Some people with epilepsy find it helpful to consider safety aids or equipment that might help them with day-to-day life. For example, an alarm that can alert family or friends when someone has a seizure, or a safety pillow if they have seizures when they are sleeping.
Assessing your safety needs
Epilepsy can affect people differently. If your seizures are controlled by treatment, your safety may not be affected. But if you continue to have seizures, safety may be an issue for you. You might find it helpful to complete a risk assessment to help you to identify any possible risk when doing an activity, and provide some practical ideas to make an activity safer.
You can also ask your local social services for a ‘needs assessment’, which looks at your safety at home. Needs assessment are usually carried out by an occupational therapist (OT) who will visit you at home. This might identify the need for support or safety equipment such as an alarm.
Alarm systems may be available through housing associations or social services departments, and are sometimes called community alarms, ‘Lifeline’ or Telecare systems. Charges for community alarms vary from one authority to another, and also vary according to the service provided.
Some equipment designed specifically to help people with disabilities does not include VAT. For example, you may not need to pay VAT on a seizure alarm system if you say it is for someone with epilepsy.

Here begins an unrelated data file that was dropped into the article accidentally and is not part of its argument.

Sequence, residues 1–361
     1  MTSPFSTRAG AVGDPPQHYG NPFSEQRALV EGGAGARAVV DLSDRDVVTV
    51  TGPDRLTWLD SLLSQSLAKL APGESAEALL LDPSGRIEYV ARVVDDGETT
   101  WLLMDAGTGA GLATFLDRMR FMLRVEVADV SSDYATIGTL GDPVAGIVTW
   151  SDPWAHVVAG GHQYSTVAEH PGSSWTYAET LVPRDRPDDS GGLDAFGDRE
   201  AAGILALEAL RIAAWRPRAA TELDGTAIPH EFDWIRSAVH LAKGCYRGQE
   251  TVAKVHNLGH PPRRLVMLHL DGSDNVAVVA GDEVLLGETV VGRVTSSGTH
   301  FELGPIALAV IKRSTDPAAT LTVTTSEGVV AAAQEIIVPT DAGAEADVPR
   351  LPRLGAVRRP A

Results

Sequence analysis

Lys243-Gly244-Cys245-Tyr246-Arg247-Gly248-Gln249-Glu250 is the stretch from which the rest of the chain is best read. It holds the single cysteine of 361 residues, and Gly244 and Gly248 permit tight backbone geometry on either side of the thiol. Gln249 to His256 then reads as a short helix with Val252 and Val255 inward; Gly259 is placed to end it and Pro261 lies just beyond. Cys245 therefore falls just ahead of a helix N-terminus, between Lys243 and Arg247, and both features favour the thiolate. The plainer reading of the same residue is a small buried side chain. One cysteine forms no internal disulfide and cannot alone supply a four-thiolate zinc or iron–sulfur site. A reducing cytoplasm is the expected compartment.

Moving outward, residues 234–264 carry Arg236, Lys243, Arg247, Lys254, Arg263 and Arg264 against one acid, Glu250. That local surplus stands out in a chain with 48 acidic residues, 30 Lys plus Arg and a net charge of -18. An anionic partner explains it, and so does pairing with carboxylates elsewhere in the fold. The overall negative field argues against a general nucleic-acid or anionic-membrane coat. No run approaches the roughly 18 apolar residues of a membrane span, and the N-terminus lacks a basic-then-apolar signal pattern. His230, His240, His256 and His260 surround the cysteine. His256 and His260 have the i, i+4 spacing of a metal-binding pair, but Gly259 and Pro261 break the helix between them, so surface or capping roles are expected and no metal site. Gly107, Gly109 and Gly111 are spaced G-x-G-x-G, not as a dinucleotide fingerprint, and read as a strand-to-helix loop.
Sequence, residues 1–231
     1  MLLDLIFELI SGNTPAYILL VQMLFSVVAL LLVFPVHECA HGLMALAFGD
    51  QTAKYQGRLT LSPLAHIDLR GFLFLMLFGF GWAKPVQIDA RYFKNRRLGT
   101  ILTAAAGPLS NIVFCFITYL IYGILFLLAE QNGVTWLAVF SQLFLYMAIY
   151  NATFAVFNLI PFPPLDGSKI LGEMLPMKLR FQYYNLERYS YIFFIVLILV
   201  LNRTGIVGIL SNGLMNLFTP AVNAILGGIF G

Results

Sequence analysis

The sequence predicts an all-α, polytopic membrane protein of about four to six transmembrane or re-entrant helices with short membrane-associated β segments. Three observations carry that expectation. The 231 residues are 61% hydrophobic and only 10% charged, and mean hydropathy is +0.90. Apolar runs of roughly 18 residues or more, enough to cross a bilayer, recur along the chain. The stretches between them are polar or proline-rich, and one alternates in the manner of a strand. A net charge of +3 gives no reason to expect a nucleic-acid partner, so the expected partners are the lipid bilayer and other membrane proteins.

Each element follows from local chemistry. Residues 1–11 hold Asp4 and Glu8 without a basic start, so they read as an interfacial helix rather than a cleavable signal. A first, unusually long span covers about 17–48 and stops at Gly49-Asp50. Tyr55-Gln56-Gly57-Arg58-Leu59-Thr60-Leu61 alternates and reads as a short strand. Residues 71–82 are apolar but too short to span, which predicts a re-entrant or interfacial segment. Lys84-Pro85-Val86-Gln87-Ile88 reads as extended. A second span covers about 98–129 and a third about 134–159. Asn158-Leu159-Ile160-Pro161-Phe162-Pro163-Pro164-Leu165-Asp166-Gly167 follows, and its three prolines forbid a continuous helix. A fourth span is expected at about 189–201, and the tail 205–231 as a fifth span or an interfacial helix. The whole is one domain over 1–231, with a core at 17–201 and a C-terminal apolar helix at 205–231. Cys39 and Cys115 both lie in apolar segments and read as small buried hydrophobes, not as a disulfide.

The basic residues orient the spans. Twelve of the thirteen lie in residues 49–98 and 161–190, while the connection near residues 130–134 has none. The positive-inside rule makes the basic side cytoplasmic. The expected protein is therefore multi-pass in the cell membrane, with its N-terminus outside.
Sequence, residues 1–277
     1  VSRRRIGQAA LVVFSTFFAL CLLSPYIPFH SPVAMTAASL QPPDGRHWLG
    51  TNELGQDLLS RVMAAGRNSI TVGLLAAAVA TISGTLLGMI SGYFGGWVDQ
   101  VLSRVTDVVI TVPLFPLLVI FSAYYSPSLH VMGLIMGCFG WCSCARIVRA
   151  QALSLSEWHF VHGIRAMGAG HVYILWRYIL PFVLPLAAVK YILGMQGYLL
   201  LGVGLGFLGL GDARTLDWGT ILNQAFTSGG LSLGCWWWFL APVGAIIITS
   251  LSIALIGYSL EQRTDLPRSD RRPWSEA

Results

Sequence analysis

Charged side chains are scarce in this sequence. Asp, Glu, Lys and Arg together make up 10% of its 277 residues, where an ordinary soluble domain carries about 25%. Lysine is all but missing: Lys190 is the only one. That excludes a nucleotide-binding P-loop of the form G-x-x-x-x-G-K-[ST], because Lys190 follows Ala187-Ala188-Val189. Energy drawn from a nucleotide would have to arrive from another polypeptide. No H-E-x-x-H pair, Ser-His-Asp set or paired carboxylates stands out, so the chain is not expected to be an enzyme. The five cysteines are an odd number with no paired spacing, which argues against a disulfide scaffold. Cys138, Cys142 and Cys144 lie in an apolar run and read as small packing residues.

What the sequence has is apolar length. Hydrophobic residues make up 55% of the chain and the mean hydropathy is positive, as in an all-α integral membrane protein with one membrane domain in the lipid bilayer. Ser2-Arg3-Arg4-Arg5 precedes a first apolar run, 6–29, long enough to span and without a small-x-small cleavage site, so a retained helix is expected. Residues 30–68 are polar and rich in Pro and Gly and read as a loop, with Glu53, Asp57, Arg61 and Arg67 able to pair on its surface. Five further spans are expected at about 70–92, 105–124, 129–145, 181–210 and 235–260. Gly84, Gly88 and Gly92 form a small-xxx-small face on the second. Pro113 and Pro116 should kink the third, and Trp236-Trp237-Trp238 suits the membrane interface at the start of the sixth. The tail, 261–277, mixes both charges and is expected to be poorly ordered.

Bed seizure alarms, fall call alarms and personal alarms
There are different types of alarm for different types of seizure. Some are set off when someone falls in a seizure or has a convulsive seizure in bed. Others can be set off by the person themselves if they feel a seizure coming on.
The charity Disabled Living Foundation provide independent advice and supplier information for bed seizure alarms, ‘fall call’ and personal alarm systems, including devices that use global positioning satellites (GPS) or mobile phone technology to locate a person.
The following organisations offer free bed seizure alarms for children with uncontrolled epilepsy.
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The Daisy Garland
01803 847 999
There may be a waiting list for alarms.
Muir Maxwell Trust
0131 273 5256
There may be a waiting list for alarms, but enquiries are welcome as funding for an alarm may be available depending on where you live.
Safety helmets (sometimes referred to as protective headgear)
Various sizes, designs and additional features available. Some designs can be made to measure.
Specialised protective helmets in two designs, tailored to individuals’ needs. Various sizes and additional protectors are available.
Produces a range of stock and custom-made skull protectors and protective helmets for adults and children.
Protective hats for infants, designed to absorb and reduce the impact from falls. Thudguard Comfy Caps also available for older children and adults. Various designs available, made to measure.
Safety pillows have small holes in so that someone may be able to breathe through them more easily if they are lying face down during a seizure.
Safety pillows. Extra covers available.
Seizure Alert dogs
A charity that trains ‘Seizure Alert dogs’. Certain criteria need to be met to have a support dog. Pet dogs cannot be trained as Seizure Alert dogs.
An independent consumer research charity providing free and independent reports on products and services for older and disabled people.
UK charity providing advice and information on alarms, safety and daily living aids and suppliers.